Elian Herrera and Ivan DeJesus got first cracks at this one after Mark Ellis (leg) hit the DL, but Jerry Hairston has been the main man since May 31. He has logged 10 starts in 12 games since that date, and he owns an uncharacteristic .370/.426/.519 line since his own return from the DL on May 25. Sustainable? Not in the slightest. Will playing time be guaranteed? That is not as easy to answer. The high-OBP'ing Herrera will need a new position to call home when Juan Uribe is activated early this week. Manager Don Mattingly suggested Herrera and Hairston could begin to see additional time in the outfield with the infield becoming more crowded, but either could drop from regular duty once the bat goes cold.
Trevor Plouffe may barely have a .300-plus OBP this season, but a .417 batting average since the calendar changed to June has re-earned him the tag as the Twins' starting third baseman. His strong play has pushed Jamey Carroll back over to second base, and Alexi Casilla's weak play (5-for-his-last-28) has pushed him to a reserve role. The titles and at-bats should be somewhat flexible, but Plouffe and Carroll are the guys to own in the short run.
On first glance, it would look like the gig should be Campana's completely. He has stolen 45 bases at the major league level the past two seasons despite having an empty base in front of him 126 times (a rate or 33 percent). Jose Reyes' 78 steals in 2007 were the most of the last decade, and he achieved that at a rate of 32 percent. In other words, Campana has got some wheels. However, he has had a hard time getting on base lately, and he has had a hard time getting in the lineup against left-handed starters. Joe Mather has been nothing special this season, but an .813 OPS against lefties makes for a nice platoon-mate.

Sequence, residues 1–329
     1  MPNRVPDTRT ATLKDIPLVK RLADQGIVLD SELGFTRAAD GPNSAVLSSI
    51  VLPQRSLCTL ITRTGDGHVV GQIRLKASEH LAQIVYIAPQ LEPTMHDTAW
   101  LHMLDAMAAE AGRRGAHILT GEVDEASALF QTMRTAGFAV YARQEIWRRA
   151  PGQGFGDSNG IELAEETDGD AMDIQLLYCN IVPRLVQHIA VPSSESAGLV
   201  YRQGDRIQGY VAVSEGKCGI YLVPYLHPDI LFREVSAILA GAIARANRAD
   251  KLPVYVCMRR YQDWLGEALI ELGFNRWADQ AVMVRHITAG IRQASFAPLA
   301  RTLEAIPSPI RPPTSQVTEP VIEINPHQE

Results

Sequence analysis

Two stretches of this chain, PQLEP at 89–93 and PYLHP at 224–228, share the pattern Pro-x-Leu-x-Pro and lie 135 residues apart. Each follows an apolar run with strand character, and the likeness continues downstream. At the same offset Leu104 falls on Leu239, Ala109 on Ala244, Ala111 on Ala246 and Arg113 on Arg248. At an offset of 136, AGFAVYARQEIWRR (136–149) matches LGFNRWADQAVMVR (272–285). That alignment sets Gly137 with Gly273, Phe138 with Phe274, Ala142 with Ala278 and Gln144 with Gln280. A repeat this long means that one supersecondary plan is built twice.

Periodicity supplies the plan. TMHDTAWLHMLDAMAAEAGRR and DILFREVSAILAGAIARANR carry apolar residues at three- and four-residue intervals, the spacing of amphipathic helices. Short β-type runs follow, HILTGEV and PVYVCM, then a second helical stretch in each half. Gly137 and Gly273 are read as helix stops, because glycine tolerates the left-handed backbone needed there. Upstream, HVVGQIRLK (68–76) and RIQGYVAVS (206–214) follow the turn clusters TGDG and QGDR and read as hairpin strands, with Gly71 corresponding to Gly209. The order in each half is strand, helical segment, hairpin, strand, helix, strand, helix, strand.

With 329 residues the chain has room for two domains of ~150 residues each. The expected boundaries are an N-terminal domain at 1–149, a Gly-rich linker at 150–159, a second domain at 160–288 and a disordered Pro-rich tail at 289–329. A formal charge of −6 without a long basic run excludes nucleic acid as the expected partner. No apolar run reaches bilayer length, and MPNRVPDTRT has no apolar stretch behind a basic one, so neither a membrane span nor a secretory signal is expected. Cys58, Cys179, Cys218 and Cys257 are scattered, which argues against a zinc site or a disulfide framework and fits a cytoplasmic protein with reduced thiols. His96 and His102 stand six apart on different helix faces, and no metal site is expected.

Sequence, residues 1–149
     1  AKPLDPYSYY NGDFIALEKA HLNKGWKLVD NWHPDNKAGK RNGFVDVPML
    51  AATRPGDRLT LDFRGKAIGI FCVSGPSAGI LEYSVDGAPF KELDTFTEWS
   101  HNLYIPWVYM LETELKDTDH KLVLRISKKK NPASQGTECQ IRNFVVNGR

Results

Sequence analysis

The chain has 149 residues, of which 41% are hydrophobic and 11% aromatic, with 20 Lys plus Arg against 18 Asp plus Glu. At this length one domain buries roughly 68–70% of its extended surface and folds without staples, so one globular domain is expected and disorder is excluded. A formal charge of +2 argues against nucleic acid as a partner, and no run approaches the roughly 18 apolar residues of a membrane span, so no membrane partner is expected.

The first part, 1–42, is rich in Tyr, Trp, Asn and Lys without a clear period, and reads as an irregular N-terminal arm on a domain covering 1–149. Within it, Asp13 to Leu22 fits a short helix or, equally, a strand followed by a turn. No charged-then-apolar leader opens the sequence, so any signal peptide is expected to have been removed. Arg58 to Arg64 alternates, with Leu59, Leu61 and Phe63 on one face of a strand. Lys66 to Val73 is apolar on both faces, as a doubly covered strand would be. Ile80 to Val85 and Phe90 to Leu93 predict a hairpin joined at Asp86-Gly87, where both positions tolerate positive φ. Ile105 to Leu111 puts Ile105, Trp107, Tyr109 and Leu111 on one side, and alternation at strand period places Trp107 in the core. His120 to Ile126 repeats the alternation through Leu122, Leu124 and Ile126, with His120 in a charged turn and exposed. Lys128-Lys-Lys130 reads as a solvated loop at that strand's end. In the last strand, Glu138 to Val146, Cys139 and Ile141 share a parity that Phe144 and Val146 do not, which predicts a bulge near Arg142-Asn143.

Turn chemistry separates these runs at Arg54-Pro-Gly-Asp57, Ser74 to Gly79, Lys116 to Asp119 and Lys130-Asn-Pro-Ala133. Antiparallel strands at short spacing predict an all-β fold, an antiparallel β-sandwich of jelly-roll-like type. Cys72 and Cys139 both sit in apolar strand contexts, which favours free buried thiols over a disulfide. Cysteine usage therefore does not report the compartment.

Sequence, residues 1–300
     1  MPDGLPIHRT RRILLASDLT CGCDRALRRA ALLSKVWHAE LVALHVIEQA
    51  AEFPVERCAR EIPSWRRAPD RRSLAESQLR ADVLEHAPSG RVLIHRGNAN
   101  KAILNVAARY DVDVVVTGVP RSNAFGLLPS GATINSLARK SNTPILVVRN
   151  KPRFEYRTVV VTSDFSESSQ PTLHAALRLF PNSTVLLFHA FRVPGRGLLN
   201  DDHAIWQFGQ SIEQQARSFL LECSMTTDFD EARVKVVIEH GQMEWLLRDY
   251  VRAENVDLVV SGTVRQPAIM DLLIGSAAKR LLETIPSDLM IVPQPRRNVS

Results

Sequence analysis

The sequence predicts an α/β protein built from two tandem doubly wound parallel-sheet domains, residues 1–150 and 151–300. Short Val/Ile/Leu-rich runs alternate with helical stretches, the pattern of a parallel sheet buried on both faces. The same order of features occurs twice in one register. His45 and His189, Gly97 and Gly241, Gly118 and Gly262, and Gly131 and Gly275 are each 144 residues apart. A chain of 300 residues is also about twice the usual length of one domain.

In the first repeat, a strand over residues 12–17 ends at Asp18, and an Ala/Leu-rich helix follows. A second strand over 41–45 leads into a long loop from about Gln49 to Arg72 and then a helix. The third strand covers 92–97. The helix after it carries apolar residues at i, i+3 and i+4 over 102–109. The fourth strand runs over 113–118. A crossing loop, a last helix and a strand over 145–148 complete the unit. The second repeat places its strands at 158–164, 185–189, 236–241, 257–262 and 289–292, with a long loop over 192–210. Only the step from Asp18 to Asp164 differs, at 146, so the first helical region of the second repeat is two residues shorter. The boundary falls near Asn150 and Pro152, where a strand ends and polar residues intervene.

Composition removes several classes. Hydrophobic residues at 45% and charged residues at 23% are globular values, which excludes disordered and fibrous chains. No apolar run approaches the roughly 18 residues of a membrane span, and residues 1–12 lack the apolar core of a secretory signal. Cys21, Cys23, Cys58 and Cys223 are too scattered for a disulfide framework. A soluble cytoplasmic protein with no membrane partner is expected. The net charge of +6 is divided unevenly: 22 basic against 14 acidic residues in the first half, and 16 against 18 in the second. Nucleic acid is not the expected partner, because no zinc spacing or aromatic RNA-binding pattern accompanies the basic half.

Ryan Cook was likely one of the more-FAAB'd-after players in the most recent free-agent bidding cycle after news broke Saturday that Brian Fuentes would no longer be the A's sole closer. It is tough to fault those bidders, as Cook's 9.0 K/9IP leads the entire Oakland pitching staff, and he has allowed only two runs in 27 innings this season. It is also worth noting that manager Bob Melvin said he might prefer to continue to use Cook in the eighth inning rather than possibly messing with success and placing him in the ninth. Cook got the save Tuesday, but Melvin could also turn to Grant Balfour, who lost the job at the end of April. He has held opposing batters to a .188 batting average over his last 14 appearances, but he continues to walk batters at an ugly 3.9 BB/9IP clip. This could truly be a committee effort until one man emerges.
Brian Roberts (concussion) came off the DL this week and Tuesday logged his first MLB at-bat in nearly 13 months (he last played May 16, 2011). He has gone a measley 10-for-42 (.238) over the course of his minor league rehab assignment. More important, he does not have a steal attempt in any of those 13 games. While there had been some thought earlier in the season that Robert Andino could hold onto the second-base job even after Roberts returned, manager Buck Showalter's recent comments make it seem like Andino will instead shift into an uber-utility role, logging innings in both the infield and outfield. As mentioned, Roberts has not played in a "real" game in 13 months, so he might initially receive frequent days off.